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The Intestinal Rehabilitation and Transplantation Program at Lurie Children’s is one of the few programs in the nation and the only program in Illinois dedicated to caring for children with an improperly functioning small bowel (small intestine). Intestinal failure occurs when this important part of the digestive system cannot absorb nutrients and fluids. A child with intestinal failure needs long-term nutritional support.
Patient & Graft Survival Rates
We are committed to avoiding intestinal transplant if possible. Since the program began in 2003, about 90% of our patients have avoided transplant through intestinal rehabilitation. Of those patients, 95% no longer need feeding through a vein (total parenteral nutrition, or TPN). This spares them the cost and possible complications of TPN.
When a child needs an intestinal transplant, our patient survival rate (100%) is well above the national average of 86% at one year.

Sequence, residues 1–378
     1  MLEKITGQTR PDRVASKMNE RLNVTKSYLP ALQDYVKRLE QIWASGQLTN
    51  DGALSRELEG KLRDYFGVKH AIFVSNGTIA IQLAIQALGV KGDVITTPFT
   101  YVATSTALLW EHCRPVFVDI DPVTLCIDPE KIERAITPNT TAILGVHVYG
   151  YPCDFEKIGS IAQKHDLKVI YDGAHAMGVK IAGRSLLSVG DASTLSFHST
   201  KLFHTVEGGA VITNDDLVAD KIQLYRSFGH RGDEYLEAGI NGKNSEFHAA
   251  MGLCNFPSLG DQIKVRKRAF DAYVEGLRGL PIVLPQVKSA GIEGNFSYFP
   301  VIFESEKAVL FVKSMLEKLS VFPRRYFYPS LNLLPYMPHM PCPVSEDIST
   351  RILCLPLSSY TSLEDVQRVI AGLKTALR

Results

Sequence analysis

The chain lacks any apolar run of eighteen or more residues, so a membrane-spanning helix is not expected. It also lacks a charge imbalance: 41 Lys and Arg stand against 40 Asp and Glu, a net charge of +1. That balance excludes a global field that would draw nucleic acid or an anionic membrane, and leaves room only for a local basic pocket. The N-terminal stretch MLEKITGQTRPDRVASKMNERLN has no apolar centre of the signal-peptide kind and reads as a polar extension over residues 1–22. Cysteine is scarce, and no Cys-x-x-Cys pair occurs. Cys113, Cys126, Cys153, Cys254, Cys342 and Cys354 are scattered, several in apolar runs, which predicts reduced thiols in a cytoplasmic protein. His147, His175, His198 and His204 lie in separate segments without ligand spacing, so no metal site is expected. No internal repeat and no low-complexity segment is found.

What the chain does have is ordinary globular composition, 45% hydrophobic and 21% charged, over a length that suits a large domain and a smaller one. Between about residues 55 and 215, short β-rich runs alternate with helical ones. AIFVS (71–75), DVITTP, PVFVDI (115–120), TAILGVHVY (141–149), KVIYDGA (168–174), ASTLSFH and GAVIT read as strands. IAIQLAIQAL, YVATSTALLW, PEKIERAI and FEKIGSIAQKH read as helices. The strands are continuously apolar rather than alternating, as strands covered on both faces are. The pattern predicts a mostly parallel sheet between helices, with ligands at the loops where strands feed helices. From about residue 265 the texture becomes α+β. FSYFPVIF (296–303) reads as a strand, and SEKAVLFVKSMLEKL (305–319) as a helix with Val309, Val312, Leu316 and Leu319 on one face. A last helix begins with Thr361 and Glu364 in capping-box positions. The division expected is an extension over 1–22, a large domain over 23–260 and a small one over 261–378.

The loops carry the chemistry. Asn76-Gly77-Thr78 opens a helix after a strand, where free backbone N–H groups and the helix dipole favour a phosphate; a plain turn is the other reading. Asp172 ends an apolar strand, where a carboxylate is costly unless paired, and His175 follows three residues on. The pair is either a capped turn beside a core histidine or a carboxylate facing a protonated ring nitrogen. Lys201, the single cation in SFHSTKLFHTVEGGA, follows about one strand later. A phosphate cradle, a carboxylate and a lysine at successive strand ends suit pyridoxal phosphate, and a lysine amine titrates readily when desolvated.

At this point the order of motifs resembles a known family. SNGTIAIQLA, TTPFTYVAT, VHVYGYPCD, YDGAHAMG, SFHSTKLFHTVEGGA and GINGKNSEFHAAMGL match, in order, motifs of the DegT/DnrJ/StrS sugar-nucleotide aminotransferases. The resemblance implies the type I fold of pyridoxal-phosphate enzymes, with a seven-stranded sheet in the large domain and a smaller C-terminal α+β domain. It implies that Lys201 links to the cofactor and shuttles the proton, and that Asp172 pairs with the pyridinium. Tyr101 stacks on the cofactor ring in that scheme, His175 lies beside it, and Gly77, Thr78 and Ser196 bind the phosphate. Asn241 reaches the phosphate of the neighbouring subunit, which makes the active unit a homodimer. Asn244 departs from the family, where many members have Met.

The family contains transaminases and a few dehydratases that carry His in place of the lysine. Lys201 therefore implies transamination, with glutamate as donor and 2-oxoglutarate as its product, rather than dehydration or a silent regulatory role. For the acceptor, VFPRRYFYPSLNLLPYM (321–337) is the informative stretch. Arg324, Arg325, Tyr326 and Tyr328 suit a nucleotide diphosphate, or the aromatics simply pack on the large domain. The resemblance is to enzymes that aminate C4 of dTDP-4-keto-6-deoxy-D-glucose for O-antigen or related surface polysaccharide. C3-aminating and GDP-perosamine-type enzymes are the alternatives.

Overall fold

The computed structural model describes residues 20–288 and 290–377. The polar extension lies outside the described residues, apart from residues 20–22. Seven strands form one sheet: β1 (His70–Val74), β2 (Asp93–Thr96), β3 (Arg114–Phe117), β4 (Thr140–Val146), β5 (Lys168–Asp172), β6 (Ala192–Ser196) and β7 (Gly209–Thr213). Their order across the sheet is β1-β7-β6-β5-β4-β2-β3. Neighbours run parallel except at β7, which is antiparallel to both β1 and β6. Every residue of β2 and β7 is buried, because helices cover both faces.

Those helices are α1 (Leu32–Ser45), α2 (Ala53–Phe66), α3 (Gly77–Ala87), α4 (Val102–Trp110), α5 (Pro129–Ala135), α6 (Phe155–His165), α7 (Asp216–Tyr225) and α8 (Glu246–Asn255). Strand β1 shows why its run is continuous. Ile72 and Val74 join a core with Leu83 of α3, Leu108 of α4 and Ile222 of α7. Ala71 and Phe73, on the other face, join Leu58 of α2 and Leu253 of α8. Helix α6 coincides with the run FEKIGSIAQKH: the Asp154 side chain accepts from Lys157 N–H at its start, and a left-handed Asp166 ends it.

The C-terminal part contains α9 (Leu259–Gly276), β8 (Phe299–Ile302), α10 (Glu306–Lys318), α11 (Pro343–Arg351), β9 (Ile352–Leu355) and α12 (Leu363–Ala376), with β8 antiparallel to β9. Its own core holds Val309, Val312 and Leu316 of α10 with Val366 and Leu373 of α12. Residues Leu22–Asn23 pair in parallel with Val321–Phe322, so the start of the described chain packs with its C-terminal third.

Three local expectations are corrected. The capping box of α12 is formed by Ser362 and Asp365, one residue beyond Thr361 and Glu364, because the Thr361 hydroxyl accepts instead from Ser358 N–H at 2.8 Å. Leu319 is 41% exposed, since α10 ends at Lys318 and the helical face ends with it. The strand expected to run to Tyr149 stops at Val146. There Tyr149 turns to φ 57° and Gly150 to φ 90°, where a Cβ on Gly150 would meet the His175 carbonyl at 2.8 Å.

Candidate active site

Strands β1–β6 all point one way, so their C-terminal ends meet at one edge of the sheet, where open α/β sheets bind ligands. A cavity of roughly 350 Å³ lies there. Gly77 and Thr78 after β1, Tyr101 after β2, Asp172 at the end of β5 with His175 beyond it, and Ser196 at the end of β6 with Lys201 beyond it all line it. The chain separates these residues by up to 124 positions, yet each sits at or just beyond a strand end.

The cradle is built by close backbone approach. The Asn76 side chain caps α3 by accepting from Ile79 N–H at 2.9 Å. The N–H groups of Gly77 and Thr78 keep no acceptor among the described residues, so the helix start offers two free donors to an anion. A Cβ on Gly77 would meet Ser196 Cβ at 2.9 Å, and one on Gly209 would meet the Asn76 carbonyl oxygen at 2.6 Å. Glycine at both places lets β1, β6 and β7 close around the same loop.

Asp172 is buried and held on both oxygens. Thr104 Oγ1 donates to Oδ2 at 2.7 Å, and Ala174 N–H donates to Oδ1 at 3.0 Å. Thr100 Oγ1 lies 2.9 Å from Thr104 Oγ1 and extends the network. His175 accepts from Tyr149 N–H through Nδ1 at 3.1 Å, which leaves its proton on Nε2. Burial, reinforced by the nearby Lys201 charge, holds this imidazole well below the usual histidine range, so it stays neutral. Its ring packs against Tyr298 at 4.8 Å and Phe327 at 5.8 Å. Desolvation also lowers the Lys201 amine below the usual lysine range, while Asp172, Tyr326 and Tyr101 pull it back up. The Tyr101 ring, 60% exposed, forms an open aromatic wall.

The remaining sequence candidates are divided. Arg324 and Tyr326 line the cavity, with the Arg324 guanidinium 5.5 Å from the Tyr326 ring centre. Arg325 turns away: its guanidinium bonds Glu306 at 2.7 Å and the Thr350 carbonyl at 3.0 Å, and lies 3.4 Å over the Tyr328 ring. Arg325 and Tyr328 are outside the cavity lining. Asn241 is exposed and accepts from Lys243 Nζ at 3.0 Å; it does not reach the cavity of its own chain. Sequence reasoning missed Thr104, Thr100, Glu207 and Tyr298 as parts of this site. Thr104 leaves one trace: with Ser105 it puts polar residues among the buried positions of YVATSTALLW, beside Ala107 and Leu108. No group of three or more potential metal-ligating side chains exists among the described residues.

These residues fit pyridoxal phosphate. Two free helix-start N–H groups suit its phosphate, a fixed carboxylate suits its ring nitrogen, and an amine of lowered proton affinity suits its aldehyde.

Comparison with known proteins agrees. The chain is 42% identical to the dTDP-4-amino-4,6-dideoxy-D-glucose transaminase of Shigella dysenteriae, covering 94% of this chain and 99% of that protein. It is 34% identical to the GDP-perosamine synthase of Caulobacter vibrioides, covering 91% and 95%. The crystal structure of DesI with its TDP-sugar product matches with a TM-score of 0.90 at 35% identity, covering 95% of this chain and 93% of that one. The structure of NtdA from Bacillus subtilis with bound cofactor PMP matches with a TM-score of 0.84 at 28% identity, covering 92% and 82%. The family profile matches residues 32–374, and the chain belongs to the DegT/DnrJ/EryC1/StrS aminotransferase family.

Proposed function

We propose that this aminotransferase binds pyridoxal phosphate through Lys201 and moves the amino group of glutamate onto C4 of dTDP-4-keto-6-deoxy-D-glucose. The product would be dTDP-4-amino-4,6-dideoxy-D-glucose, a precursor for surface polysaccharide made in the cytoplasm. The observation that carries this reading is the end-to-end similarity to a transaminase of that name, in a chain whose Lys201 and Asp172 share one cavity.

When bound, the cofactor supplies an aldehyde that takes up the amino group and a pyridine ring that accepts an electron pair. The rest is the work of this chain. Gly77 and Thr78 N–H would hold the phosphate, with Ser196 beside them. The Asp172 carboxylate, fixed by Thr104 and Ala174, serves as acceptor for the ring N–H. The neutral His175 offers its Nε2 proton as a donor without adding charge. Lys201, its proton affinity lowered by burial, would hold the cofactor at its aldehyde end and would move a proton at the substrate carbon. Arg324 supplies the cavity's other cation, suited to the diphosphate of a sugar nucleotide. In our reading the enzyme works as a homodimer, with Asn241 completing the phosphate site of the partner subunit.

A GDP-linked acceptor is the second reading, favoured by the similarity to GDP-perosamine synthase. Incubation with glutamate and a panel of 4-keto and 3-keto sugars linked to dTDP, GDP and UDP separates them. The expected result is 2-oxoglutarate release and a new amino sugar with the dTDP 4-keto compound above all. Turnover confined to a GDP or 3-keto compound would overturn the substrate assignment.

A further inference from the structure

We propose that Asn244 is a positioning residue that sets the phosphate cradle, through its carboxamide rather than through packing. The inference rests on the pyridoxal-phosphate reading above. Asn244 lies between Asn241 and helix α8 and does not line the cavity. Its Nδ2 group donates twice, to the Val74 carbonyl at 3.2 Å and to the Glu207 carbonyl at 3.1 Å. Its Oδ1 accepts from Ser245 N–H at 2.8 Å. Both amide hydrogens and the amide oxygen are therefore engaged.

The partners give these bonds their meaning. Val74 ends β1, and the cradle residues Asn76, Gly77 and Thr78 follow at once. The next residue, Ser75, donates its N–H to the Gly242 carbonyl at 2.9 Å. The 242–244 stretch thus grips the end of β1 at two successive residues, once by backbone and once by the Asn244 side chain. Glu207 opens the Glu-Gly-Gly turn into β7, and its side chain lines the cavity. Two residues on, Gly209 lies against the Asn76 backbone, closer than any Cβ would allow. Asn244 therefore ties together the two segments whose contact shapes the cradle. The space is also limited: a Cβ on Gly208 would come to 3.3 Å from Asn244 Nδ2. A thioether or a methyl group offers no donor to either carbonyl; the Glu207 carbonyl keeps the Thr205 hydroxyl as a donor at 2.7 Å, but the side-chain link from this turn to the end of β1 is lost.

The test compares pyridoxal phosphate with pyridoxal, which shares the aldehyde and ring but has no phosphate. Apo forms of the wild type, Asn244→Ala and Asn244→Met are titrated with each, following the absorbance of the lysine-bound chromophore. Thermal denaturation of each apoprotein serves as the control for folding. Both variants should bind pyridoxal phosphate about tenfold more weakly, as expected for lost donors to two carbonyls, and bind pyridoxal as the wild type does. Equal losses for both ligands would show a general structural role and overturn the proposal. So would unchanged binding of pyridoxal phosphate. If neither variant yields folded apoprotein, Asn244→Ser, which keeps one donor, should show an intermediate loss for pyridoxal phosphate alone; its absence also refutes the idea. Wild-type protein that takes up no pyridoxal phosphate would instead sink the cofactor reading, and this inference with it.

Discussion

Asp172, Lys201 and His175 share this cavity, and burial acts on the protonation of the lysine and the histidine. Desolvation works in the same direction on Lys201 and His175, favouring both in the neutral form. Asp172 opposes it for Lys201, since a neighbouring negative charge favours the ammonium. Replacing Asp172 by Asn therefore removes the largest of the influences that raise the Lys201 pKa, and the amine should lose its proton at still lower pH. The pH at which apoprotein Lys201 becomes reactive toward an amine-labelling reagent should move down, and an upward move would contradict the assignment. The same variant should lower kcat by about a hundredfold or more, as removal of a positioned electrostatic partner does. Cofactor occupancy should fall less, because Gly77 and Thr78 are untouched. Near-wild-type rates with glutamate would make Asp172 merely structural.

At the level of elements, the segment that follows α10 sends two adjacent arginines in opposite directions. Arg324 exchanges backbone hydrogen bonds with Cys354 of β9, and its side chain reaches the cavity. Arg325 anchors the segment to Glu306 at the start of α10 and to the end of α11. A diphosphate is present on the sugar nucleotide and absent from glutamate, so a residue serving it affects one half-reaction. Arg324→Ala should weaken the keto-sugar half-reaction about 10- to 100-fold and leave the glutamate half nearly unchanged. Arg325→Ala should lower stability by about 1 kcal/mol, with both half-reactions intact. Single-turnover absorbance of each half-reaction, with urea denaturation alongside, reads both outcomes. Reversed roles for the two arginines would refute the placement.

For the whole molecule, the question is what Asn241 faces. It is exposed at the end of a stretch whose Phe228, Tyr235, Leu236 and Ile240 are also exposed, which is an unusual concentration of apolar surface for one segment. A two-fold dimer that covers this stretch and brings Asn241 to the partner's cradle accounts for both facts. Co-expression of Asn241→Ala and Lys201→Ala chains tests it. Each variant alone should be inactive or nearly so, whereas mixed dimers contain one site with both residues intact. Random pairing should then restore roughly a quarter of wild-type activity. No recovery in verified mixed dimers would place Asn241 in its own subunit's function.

The Lurie Children's Difference
Lurie Children’s provides family-centered care, with many support programs. We use a multidisciplinary team approach, which includes the patient and family. You and your child will meet with experts from different healthcare specialties who work together to make up our transplant team.
We also have a strong commitment to clinical research. Through research, we find and test new ways of helping children with intestinal failure become healthy.
Our Intestinal Transplantation team provides support and education through all steps of treatment.
Our team fully evaluates each child with intestinal failure to decide the most effective treatment plan. Your child’s first visit with our team may include:
Physical exam and health history
Psychosocial (mental and emotional health) assessment
Imaging and lab tests as needed
Financial needs assessment
The first goal in treatment is to improve intestine function. The Intestinal Rehabilitation Program offers medical, surgical and nutritional treatments to reduce or stop dependence on TPN. Surgical techniques, such as STEP (serial transverse enteroplasty), try to enhance the quality and function of the patient’s intestine by increasing length and volume of the bowel. The goal is to improve the child’s nutrition, growth and development.
If a transplant is the best option, we will move forward with an evaluation.